The purpose of the three forged documents was to stop Mr Z from making a claim against Mr Patten in his bankruptcy for the outstanding money and the four vehicles that had been repossessed by the finance company.

Offences: Counts copied from the indictment

COUNT 5

Statement of Offence

OBTAINING A MONEY TRANSFER BY DECEPTION, contrary to section 15(A) of the Theft Act 1968.

Particulars of Offence

Terrence Robin PATTEN, between 15 April 2005 and 21 April 2005 dishonestly obtained for himself a money transfer in the sum of £16,000 from Mr X by deception, namely by falsely representing Mr X that he would be using the money to purchase a Mercedes Viano vehicle from the JCT 600 car dealership in Sheffield

COUNT 6

Statement of Offence

OBTAINING PROPERTY BY DECEPTION, contrary to section 15 of the Theft Act 1968.

Particulars of Offence

Terrence Robin PATTEN, on 13 June 2005 dishonestly obtained from Mr Y £10,000 in cash with the intention of permanently depriving Mr Y thereof by deception, namely by falsely representing to Mr Y that he would be using the money to purchase a Mercedes people carrier

COUNT 7

Statement of Offence

OBTAINING PROPERTY BY DECEPTION, contrary to section 15 of the Theft Act 1968.

Particulars of Offence

Terrence Robin PATTEN, between 20 July 2005 and 27 July 2005 dishonestly obtained from Mr Y £12,500 in cash with the intention of permanently depriving Mr Y thereof by deception, namely by falsely representing to Mr Y that he would be using the money to purchase a second Mercedes people carrier

COUNT 8

Statement of Offence

BANKRUPT CONCEALING DEBT, contrary to sections 354(1)(b) and 350(6) of the Insolvency Act 1986.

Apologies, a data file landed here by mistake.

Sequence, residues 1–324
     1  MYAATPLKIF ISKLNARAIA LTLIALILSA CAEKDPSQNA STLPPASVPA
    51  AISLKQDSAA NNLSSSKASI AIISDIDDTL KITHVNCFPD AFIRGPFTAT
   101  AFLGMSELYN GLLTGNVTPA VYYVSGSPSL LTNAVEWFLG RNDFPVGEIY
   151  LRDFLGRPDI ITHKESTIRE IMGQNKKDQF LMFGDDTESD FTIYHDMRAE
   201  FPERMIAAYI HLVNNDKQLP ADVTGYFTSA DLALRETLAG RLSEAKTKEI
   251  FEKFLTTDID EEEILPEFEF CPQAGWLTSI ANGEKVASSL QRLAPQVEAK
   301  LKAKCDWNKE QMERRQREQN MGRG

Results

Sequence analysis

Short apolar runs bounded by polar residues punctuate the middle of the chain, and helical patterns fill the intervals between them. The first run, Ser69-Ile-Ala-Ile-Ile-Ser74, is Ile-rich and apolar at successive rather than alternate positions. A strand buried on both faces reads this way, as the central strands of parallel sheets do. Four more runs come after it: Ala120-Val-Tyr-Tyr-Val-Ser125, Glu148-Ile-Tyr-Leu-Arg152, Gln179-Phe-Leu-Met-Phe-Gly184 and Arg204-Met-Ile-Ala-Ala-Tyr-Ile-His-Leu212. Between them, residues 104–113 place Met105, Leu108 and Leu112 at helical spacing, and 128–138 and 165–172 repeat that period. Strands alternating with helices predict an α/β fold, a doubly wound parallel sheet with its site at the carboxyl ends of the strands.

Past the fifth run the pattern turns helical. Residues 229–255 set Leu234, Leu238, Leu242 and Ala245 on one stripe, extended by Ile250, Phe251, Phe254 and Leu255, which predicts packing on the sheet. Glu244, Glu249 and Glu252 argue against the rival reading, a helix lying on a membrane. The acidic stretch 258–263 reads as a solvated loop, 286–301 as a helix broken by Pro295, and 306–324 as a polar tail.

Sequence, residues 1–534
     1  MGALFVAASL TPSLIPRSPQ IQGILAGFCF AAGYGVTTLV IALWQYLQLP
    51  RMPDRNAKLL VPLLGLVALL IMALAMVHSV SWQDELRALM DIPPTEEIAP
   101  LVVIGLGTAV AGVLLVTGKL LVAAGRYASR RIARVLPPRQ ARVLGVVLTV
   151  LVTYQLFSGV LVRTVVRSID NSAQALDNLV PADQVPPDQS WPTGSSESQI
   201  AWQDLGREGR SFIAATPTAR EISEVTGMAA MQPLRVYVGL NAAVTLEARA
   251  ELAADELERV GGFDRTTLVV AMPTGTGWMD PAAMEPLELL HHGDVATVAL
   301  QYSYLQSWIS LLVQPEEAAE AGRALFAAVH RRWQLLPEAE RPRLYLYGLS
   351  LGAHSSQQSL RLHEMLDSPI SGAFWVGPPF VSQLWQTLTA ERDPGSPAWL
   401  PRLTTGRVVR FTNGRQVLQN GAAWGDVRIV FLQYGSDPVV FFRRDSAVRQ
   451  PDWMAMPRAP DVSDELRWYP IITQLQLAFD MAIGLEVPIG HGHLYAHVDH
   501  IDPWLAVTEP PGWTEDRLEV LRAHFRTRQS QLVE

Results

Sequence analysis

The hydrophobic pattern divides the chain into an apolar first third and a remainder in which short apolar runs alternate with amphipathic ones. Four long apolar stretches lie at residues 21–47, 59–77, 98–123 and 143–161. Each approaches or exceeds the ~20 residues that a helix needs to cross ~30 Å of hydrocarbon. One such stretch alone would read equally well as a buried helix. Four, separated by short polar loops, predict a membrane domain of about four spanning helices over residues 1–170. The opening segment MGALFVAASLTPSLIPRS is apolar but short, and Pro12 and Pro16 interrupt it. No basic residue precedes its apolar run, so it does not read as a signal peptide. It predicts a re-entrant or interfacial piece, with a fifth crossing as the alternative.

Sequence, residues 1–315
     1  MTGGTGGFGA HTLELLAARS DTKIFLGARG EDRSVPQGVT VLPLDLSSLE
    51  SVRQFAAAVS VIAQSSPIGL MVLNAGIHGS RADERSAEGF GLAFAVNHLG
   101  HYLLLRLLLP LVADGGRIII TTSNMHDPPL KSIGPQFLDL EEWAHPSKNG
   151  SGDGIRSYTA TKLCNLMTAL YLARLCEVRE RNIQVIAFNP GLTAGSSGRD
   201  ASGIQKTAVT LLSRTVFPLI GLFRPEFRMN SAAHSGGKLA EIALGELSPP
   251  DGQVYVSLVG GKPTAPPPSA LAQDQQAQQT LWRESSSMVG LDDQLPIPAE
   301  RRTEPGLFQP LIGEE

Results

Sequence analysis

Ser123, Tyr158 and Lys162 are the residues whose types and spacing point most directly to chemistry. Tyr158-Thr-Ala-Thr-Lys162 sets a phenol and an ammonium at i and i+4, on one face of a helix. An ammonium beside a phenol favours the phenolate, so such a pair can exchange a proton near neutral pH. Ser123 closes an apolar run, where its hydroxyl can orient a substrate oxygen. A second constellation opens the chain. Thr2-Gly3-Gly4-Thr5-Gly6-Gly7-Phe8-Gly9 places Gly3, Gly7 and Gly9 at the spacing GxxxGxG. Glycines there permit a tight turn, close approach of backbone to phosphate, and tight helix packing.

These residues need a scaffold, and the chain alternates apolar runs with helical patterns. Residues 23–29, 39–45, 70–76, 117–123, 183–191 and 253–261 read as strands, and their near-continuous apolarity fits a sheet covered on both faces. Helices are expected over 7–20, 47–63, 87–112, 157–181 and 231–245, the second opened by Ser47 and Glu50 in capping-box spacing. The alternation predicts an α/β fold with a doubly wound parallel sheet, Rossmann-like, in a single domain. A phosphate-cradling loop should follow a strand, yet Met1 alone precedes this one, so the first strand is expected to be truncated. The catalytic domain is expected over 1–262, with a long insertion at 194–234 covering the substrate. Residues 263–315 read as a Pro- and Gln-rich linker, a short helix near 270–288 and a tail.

Particulars of Offence

Terrence Robin PATTEN, between 10 September 2007 and 1 October 2007, being a bankrupt, concealed two debts of £96,581 and £43,885 which was due from himself to Mr Z and Mr Y.

COUNT 9

Statement of Offence

FORGERY, contrary to sections 1 and 6 of the Forgery and Counterfeiting Act 1981

Particulars of Offence

Terrence Robin PATTEN, between 20 March 2008 and 20 May 2008, made an instrument namely a handwritten letter dated 25 March 2008 from the Official Receiver’s office cancelling his appointment, which was false in that it purported to be from the Official Receiver’s office when it was not, with the intention that he would use it to induce Mr Z to accept it as genuine and by reason of so accepting it do some act to his own prejudice

COUNT 10

Statement of Offence

FORGERY, contrary to sections 1 and 6 of the Forgery and Counterfeiting Act 1981

Particulars of Offence

Terrence Robin PATTEN, between 20 March 2008 and 20 May 2008, made an instrument namely a handwritten letter undated from the Official Receiver’s office rejecting a settlement offer of £102,000 from ‘MW’ which was false in that it purported to be from the Official Receiver’s office when it was not, with the intention that he would use it to induce Mr Z to accept it as genuine and by reason of so accepting it do some act to his own prejudice